Common medications used
Common medications that we use in the in the fertility treatment
The educational links on this section are used with kind permission from Merck Sereno and Pharmasure.
How do I take them?
You inject into a muscle or under the skin. You will be taught to inject yourself by the nursing team in the unit.
How do the medications work?
The injections stimulate the ovaries directly to produce eggs. When the eggs are ripe a single trigger injection will trigger ovulation and help release the eggs.
When are the medications used?
They’re used with IUI and IVF cycles to stimulate ovulation, or if you have polycystic ovarian syndrome but your ovaries don’t respond to Clomid. They are also used for infertility caused by failure of the pituitary gland.
What are the potential side-effects?
Overstimulation of the ovaries, known as ovarian hyperstimulation syndrome (OHSS), increased risk of multiple pregnancy (twins, triplets or more), allergic reactions and skin reactions.
Other drug treatments
When you have IVF you will usually be prescribed other drugs at various points to give the doctor greater control over the treatment cycle. They include:
Cycle suppressing drugs: Gonadotrophin-releasing hormone analogues (drugs that copy the action of natural hormones) such as Supracur.
What are these drugs?
These are drugs that stop the menstrual cycle or stop the ovulation to occur.
How do I take it?
You can take these drugs by daily injection in the muscle or under the skin. You will be taught how to take these drugs by our fertility nurses.
How do these drugswork?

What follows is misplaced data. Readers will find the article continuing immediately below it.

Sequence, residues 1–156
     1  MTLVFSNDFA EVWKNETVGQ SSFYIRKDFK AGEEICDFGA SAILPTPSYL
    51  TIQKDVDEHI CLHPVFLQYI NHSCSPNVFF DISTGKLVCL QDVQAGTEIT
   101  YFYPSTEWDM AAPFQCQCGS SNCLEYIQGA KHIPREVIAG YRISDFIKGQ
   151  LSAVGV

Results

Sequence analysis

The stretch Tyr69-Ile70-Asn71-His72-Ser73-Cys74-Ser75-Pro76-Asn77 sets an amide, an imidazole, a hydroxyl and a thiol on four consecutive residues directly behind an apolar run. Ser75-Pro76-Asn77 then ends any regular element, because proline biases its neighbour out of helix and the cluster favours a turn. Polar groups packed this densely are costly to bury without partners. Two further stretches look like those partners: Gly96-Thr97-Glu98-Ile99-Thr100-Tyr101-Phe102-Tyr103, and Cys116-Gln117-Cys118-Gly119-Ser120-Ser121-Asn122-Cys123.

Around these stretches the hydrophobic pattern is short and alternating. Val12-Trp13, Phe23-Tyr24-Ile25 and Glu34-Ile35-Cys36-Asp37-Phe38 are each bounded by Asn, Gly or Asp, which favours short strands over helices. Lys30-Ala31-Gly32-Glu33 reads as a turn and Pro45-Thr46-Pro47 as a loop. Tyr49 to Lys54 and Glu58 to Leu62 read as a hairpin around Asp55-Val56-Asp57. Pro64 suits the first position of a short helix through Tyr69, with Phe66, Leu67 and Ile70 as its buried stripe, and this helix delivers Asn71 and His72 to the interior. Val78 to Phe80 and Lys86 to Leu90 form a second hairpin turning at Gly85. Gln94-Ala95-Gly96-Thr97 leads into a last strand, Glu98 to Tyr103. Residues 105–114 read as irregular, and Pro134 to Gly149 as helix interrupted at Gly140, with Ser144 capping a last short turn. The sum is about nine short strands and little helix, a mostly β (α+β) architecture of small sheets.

These drugs work by blocking the release of the two brain hormones that control ovulation – follicle stimulating hormone (FSH) and luteinising hormone (LH).
When are these drugs used?
They are used either before or at the same time as fertility drugs.
Hot flushes, night sweats, headache, vaginal dryness, mood swings, changes in breast size, breakout of spots and acne, sore muscles.
Drugs that maintain pregnancy
Progesterone : Cyclogest, Crinone, Progynova.
What are these medications?
These are drugs that thicken the lining of the womb and help maintain the pregnancy.
How do I take it?
As a suppository you put in the vagina or in the back passage. We rarely prescribe progesterone as injections.
When do I start taking progesterone?
They are started one day before the egg collection or the day of the egg collection.
What are the side effects?
Potential side-effects: nausea, vomiting, swollen breasts.
Can I use tablets as Clomiphene?
Fertility drugs as Clomiphene can help you if you aren’t ovulating at all (producing and releasing an egg each month) or only ovulating occasionally.
Sometimes fertility drugs alone can help you get pregnant. Fertility drugs work like your body’s own hormones to trigger egg production. This is called ovulation induction.
There are several types available but the most common that is used at the Homerton Fertility Centre are Brain Hormone Stimulating Tablets Clomiphene Citrate, usually known simply as Clomid.
What it is?
The oldest and probably most widely-used fertility drug. It’s used to make the ovaries produce mature follicles (egg sacs).
How do I take it take it?
As a tablet. Usually taken between Day 2 to Day 6 of the periods.
How it works?
By fooling the brain into thinking there’s insufficient oestrogen, which indirectly stimulates the ovaries to produce eggs.
When is it used?
The women who are unable to ovulate every month and have open tubes are sometimes given this medication to help them ovulate.
Potential side-effects? Hot flushes, mood swings, nausea, breast tenderness, insomnia, increased urination, heavy periods, breakouts of spots, weight gain. There may be a small increased risk of ovarian cancer with prolonged use (more than one year).